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Re: (Semi-random) thoughts on device tree structure and devfs

On Thu, Mar 11, 2010 at 10:16:56AM +0900, Masao Uebayashi wrote:
> On Thu, Mar 11, 2010 at 12:13 AM, David Young <> 
> wrote:
> OK, you want to match device by ID.  Like:
>         fxp* macaddr xx:xx:xx:xx:xx:xx
> That might make sense.
> What doesn't make sense there is to *fix* device unit number.  Device
> unit number will be no longer used after devfs, because we lookup
> struct device by either topologically or ID.

No device unit number?  You've lost me.  Please fill in the blank,

ifconfig ______ inet


> Device probes, configures, and extracts properties from the real
> device.  Just before leaving attach(), it *puts* its ID in a
> well-known place so that device(9) can lookup these IDs later.

Actually, that sounds great to me.  Then we can, as you suggested at
the top of this thread, create the ether(4) pseudo-device that is
analogous to audio(4).  Let us attach a particular ether(4) instance to
an ethernet h/w instance according to the h/w's properties.

Take fxp(4) for an example.  Rename it fxphw(4).  Let it attach an
ether(4) instance at its ether attribute, using an optional 'basename'
attach argument of 'fxp', so that the ether(4) instance knows that it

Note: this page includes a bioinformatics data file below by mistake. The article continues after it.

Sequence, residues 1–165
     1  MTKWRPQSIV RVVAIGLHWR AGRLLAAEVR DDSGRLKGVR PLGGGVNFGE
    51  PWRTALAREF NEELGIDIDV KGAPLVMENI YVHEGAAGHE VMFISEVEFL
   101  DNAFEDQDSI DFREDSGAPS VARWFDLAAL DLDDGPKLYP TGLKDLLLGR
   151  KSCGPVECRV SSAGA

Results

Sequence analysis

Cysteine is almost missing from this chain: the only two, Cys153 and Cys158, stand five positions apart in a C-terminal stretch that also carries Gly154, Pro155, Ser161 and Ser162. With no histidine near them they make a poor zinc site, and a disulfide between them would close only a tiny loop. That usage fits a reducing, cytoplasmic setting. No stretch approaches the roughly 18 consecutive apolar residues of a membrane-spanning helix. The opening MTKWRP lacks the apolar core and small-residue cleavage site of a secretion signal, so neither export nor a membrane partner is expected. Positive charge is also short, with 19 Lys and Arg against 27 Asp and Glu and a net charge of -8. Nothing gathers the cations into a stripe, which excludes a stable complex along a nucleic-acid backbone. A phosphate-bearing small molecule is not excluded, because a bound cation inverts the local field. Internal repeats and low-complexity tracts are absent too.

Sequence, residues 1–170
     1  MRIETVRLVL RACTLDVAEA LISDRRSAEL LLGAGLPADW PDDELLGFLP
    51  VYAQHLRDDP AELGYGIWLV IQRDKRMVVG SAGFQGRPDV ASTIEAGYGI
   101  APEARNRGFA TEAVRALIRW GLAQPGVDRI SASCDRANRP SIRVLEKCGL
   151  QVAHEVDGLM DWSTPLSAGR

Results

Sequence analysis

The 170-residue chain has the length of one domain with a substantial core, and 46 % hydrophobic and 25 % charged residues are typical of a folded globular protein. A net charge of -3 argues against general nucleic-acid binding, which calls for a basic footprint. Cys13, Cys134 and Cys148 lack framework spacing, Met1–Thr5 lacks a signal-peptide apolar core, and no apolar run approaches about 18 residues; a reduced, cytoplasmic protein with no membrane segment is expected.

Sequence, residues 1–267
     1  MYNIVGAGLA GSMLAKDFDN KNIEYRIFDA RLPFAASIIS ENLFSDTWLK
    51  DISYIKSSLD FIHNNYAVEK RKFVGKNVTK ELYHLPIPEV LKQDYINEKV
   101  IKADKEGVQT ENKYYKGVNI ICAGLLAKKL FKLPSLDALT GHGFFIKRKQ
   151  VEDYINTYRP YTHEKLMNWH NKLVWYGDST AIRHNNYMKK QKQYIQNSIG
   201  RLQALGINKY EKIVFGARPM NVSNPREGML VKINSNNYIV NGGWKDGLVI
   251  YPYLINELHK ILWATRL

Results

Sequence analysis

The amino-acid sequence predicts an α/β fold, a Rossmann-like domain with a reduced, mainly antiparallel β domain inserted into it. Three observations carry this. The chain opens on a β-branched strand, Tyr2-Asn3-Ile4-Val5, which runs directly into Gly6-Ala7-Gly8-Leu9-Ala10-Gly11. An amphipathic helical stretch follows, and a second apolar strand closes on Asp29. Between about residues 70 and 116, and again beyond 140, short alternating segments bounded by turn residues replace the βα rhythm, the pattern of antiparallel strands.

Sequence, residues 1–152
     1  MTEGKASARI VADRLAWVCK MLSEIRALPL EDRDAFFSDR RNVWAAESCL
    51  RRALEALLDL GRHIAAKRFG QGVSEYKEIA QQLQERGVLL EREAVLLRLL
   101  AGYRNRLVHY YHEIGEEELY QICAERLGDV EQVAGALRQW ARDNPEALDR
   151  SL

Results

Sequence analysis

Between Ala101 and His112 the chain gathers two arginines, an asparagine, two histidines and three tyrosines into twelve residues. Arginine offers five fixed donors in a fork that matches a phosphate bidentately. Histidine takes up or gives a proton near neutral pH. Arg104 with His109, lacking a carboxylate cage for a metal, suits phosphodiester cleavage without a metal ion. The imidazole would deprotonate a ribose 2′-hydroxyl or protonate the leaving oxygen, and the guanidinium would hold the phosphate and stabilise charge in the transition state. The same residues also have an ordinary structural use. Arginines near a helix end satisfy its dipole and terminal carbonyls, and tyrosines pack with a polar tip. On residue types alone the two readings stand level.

should take its customary name, fxp0 (or whatever).

I think that an added benefit of breaking things down this way is that
we can attach >1 ether(4) to a single h/w instance, which makes a sense
with those NICs that support >1 unicast address.  Maybe we can attach
vlan(4) to the h/w backend's ether attribute, too.

Another added benefit of breaking things down this way is that we may be
able to get rid of the problematic "network" class in PMF.

You seemed to have in mind attaching at fxp0 an ether0, and attaching at
ether0 a net0.  What is net0's role?

BTW, I have considered previously that splitting the WLAN drivers into
hardware backends and pseudo-device frontends makes a lot of sense as
you consider the possibility to operate more than one 802.11 station on
a single hardware adapter.  It would probably look something like this:


rtw0 and rtw1 are instances of net80211 state machines.  They command
net80211arb0 to send packets and to pass back received packets meeting
certain criteria ("received on channel y, BSSID x, destinations {p, q,
r}"). net80211arb0 will arbitrate access to the hardware. rtwhw0 will
actually operate the device.

> I wonder if we can assume serial numbers are unique.

We cannot.


David Young             OJC Technologies      Urbana, IL * (217) 278-3933

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